From Ohio History Central
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In 1848, E.G. Folsom established Folsom's Business College in Cleveland, Ohio. Only two students enrolled in the school's first academic term, but the institution grew quickly. With Cleveland gaining increasing importance as an industrial and transportation center, local businesses needed skilled workers. Folsom's Business College helped provide Cleveland businesses with qualified employees. Among the college's graduates during the nineteenth century was John D. Rockefeller, Sr.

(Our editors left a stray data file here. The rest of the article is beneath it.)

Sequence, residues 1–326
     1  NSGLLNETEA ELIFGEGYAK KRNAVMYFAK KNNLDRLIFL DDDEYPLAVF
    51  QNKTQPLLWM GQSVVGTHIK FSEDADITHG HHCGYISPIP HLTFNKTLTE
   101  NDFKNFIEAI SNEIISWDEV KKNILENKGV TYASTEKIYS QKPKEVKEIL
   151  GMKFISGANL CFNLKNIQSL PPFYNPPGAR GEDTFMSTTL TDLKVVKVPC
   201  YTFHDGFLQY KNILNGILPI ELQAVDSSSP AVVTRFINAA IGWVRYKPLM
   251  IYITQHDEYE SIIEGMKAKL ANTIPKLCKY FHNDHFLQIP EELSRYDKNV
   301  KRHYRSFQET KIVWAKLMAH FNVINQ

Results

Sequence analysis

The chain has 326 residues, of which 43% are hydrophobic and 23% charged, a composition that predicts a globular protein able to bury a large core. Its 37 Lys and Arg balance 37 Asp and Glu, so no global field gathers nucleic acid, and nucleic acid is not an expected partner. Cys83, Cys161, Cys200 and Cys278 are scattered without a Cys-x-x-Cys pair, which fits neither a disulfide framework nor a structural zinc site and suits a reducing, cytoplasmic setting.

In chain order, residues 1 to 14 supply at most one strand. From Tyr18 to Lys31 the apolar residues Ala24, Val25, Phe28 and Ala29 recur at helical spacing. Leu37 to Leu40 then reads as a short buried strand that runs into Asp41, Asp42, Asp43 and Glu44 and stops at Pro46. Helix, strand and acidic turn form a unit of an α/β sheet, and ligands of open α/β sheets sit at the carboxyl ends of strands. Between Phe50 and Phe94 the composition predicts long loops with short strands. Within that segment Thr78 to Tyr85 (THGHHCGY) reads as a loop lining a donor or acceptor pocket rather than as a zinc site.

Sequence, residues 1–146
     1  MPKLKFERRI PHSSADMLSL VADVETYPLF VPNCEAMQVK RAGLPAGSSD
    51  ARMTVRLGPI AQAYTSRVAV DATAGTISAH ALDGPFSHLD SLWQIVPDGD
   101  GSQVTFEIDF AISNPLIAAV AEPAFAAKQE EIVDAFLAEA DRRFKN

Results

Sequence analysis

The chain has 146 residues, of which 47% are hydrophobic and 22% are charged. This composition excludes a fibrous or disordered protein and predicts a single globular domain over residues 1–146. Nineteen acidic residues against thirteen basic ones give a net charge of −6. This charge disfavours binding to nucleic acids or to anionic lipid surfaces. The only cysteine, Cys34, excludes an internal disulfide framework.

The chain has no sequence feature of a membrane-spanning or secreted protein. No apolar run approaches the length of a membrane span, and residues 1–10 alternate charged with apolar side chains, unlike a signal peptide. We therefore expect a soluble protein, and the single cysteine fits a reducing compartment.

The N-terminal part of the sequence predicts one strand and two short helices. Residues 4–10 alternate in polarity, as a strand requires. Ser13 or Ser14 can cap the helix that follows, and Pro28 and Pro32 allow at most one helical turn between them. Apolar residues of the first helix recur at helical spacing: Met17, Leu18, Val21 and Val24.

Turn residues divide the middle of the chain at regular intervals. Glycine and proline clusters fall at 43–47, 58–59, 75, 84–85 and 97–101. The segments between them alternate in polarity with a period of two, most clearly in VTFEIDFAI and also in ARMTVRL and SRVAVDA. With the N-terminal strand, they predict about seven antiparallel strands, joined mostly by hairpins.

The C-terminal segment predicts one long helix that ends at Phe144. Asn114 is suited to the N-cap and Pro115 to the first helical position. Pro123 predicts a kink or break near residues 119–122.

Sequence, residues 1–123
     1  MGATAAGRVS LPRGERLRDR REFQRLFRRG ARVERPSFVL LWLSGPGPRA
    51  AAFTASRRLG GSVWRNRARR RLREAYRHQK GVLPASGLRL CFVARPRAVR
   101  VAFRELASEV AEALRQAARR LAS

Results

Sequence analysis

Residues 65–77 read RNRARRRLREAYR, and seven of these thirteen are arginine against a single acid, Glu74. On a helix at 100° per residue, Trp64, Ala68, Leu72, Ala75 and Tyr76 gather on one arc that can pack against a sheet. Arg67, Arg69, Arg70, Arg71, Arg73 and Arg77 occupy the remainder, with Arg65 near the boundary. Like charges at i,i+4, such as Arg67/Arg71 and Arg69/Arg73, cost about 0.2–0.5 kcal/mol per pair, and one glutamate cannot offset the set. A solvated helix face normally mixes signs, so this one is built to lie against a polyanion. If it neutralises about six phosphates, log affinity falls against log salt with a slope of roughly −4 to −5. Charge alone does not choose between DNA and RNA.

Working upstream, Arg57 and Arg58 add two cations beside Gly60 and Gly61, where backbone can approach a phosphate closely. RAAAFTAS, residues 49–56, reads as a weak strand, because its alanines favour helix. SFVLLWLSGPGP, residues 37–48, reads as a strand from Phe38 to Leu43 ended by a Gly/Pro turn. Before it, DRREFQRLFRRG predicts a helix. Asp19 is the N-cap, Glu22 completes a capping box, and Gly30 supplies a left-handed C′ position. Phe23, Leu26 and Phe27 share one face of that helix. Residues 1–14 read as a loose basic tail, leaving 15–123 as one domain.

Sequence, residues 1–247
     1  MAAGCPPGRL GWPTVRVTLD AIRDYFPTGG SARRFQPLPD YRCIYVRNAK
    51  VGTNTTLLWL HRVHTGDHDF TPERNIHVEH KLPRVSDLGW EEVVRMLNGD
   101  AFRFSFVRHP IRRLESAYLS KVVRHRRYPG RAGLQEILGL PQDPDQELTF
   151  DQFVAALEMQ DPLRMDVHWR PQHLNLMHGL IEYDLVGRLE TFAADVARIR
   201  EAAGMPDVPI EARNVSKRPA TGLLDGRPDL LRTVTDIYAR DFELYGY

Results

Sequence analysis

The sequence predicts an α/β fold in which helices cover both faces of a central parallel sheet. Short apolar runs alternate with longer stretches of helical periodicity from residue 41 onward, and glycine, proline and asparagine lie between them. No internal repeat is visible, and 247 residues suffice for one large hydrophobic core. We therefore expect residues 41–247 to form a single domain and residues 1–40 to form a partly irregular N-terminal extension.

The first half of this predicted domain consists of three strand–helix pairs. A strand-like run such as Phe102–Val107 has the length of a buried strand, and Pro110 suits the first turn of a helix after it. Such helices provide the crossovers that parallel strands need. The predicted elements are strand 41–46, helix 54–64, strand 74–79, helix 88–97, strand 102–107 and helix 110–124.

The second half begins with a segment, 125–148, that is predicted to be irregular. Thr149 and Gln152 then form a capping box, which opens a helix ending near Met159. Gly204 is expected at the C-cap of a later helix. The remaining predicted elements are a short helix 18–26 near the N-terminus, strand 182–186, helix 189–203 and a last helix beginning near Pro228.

In 1867, Mr. Stratton died, prompting the demise of the chain schools. While many of these institutions still survived, they no longer were under the governance of the Bryant & Stratton Chain of Business Schools. The Cleveland college became known as the Spencerian College, named after Platt Spencer, a former professor at the institution and developer of Spencerian script. In 1894, Frank Dyke purchased the institution, renaming it the Dyke School of Commerce. Eventually the school was renamed Dyke College. Throughout the twentieth century, Dyke College continued to grow. While emphasizing business training, Dyke College eventually offered degrees in other fields. In 1995, the institution became known as David N. Myers College, in honor of David N. Myers, an alumnus and substantial financial contributor to the institution. In 2005, David N. Myers College had four campuses, including the main campus in Cleveland, as well as branches at Rocky River, Ohio, Eastlake, Ohio, and Cleveland Heights, Ohio.